He and his folks are related to Trygve Trooien, the Astoria farmer who collects farm overalls and occasionally stages an Overalls Fashion Show. So Colton’s roots run deep in South Dakota.
We are privileged to have him join the ranks of our illustrious readers.
Welcome to Colton, and to all of you who are receiving South Dakota Magazine as a Christmas gift this week.
December 22, 2014
Grete Bodogaard and her husband, filmmaker Chuck Nauman, have been hanging out in the little Yankton County town of Volin for a number of years.
Many of us who live here in southeast South Dakota felt quite blessed to have such a gentle soul in our commuity. Grete and Chuck didn't participte a great deal in community activities, but they were apt to show up now and then. And you might catch them at Mac's Pub, which was across the street from the old Volin Bank where they lived and worked.
I looked for them on several trips to Volin this summer and fall, but to no avail. After asking around, I was told they had returned to the Black Hills because of Grete's health. She is serioiusly ill. Our thoughts and prayers go to her and her family.
When in Rapid City last weekend, I attended a forum at the Dahl Arts Center on Seventh Street downtown and felt fortunate to happen upon an exhibit of Grete's creations titled "Celebration of Works."
Grete was born in Norway, and learned some of her techniques in the old country. She came to the United States in 1969, and she quickly spun her way into our hearts and into our art culture. She is not only one of South Dakota's greatest and most accomplished artists, but also considered one of the master weavers of our time.
"As I travel on my journey around the sun I have learned to spin fibers, dye yarns and weave my thoughts and ideas," she says in an introduction to the exhibit. "Weaving is my other language, my expression of joy and frustrations."
Her contributions to South Dakota have brought only joy, and we thank her for that.
The exhibit will be up through Jan. 31, 2015.
December 18, 2014
Let's see if we can stump you with a quick Whereizzit contest! Trent Preszler took this photo somewhere in South Dakota. Here's a hint: the shed is somehow connected to a local food-growing program.
To win, be the first person to correctly identify the location or name the small town that is nearby. You'll win a free gift subscription which you can keep for yourself or award to anyone you wish! Good luck.
Looks like you need a few extra clues!
Clue #1: Let's cut the state in half. This scene was found West River.
Clue #2: Ok, let's try quarters. Focus your efforts north of I-90.
Clue #3: It's on the Cheyenne River Indian Reservation.
We have a winner! Three, actually — Gary Wilson of Volga, his daughter Jessica, and their atlas guessed La Plant. Trent Preszler took this photo on Highway 212 at the Sam D. Horse Community Center, where they're working on a food and garden project called "La Plant Grows Its Own Food." Good luck in the next growing season, Dewey County gardeners, and thanks to all who participated in our contest!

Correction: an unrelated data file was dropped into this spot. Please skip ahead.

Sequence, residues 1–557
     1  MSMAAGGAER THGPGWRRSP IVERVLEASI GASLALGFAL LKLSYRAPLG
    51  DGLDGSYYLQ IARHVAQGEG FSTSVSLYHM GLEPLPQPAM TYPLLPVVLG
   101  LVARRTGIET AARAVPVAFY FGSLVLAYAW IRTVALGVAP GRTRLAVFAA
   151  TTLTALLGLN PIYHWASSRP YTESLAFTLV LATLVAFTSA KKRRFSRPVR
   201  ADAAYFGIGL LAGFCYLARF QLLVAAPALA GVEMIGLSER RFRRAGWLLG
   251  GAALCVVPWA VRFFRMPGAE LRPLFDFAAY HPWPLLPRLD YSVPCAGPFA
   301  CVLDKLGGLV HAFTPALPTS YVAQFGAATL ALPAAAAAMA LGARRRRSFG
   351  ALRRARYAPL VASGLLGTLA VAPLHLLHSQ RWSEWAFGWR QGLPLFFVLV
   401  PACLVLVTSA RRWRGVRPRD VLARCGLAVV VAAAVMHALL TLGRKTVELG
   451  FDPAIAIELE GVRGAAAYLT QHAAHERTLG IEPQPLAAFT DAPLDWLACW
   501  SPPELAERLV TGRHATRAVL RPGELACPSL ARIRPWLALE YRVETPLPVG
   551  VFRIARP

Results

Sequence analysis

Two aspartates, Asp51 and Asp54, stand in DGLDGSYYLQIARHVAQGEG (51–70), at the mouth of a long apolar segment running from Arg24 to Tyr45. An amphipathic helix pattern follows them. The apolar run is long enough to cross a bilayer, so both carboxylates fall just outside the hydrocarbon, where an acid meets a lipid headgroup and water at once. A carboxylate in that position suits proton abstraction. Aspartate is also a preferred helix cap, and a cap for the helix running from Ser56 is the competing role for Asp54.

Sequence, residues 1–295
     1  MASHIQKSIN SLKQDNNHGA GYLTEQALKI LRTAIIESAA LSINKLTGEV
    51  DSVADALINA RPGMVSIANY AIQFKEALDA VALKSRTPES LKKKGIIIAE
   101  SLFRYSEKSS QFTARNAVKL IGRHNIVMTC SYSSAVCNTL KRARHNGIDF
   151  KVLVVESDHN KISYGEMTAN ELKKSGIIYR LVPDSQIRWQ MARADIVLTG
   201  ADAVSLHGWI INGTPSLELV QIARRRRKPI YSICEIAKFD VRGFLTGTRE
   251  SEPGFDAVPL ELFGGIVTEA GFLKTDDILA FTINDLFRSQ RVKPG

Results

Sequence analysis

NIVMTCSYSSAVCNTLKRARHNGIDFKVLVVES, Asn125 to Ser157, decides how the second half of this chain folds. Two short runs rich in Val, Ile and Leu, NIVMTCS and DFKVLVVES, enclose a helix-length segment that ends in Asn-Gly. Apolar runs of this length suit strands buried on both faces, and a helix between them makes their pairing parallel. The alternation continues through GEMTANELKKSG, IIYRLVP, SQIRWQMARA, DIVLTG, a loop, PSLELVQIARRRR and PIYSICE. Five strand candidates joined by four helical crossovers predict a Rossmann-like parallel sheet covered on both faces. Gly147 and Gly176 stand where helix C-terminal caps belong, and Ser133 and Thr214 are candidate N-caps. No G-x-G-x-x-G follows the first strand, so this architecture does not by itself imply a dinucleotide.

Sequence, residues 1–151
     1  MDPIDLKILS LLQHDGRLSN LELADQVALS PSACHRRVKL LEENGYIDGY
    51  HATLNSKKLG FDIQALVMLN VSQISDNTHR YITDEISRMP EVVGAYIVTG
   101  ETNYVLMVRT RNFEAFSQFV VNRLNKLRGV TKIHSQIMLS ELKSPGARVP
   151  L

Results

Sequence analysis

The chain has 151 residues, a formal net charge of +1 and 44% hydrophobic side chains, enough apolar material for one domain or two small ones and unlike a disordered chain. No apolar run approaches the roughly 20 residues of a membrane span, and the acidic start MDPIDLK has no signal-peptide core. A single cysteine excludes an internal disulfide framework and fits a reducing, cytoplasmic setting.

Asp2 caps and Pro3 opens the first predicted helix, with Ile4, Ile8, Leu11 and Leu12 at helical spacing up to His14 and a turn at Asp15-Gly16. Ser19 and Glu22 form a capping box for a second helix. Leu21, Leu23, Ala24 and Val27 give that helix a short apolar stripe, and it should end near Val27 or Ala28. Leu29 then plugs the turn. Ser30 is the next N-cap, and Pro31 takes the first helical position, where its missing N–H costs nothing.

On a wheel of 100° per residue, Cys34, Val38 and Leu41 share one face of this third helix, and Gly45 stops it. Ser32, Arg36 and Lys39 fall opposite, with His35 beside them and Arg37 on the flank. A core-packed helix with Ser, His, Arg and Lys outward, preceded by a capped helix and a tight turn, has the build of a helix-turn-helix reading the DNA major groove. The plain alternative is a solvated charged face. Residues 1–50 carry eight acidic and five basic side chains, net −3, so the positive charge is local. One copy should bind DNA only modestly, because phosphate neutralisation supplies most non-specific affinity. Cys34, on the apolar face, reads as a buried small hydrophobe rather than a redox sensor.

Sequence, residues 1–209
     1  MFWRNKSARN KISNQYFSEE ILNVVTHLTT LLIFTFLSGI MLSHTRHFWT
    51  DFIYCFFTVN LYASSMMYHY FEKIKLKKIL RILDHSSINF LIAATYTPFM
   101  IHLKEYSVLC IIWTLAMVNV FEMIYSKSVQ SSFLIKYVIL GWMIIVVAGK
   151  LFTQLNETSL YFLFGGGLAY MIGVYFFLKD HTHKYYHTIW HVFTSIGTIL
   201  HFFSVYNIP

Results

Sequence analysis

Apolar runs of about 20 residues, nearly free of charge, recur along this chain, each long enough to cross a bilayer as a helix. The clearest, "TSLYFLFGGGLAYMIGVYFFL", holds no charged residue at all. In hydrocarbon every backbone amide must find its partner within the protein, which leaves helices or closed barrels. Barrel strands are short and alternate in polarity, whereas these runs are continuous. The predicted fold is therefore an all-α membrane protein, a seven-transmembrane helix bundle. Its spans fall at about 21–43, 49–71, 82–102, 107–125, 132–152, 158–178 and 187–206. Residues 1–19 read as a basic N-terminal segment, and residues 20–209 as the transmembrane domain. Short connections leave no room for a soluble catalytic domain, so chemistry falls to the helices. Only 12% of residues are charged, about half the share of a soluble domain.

Friday, December 12
Please join the South Dakota Magazine staff for a holiday open house and book signing Friday, December 12. Visit the historic Pennington House at 410 E. Third Street in Yankton for cookies, hot apple cider and great gift ideas including our new map print of the Black Hills and our book, South Dakota 125. Meet the authors and get your books signed!
December 2, 2014
Thanks to everyone who participated in our November Whereizzit in South Dakota contest! Apparently there are more trumpeting angels in South Dakota than we realized, but this particular one resides in Epiphany.
We drew William Morfeld's name at random from the list of correct guesses, so he will be receiving an assortment of South Dakota Magazine products in the mail soon.
Watch for a new Whereizzit contest in our January/February issue!
October 9, 2014
Our new Black Hills map prints are here! You probably recognize watercolor artist Mike Reagan’s work — his map of South Dakota appears on the Table of Contents page of each issue of South Dakota Magazine. Now he has created a companion map of the Black Hills that evokes the character and spirit of the land through delicate watercolors. We’re proud to offer his work as an unframed 16” x 20” art print for just $24.95 plus shipping and handling. Click here if you’d like to buy the new Black Hills map print for your home or office, or order a set of both Reagan prints for just $45.95.
October 7, 2014
I can only imagine what Nick Gale will be referring to when he delivers his paper, "Russia's Gift to the Dakotas," at the 22nd annual West River History Conference set for Oct. 16-18 in Rapid City.
I would guess that it will refer to the Germans-from-Russia emigration to the Dakotas. But I could be mistaken. That's the great thing about the West River History Conference. It sets the record straight on all sorts of topics that we don't spend enough time thinking about.
About three dozen people will also make presentations, and the titles are intriguing. Christin Paige-Diers of Sturgis will speak of the "History of the Sturgis Motorcycle Rally." Gary Enright of Custer will talk on Timber Lake history. Gene Gade will reflect on the buffalo jumps and Carol Evan Saunders will remember Valentine McGillycuddy.
I've only been to a few of the 22 conferences. I won't make this year's because of too many conflicts back home. But if I could be anywhere in the world on Oct. 16-18, I'd choose the Hilton Garden Inn in Rapid City for the history conference.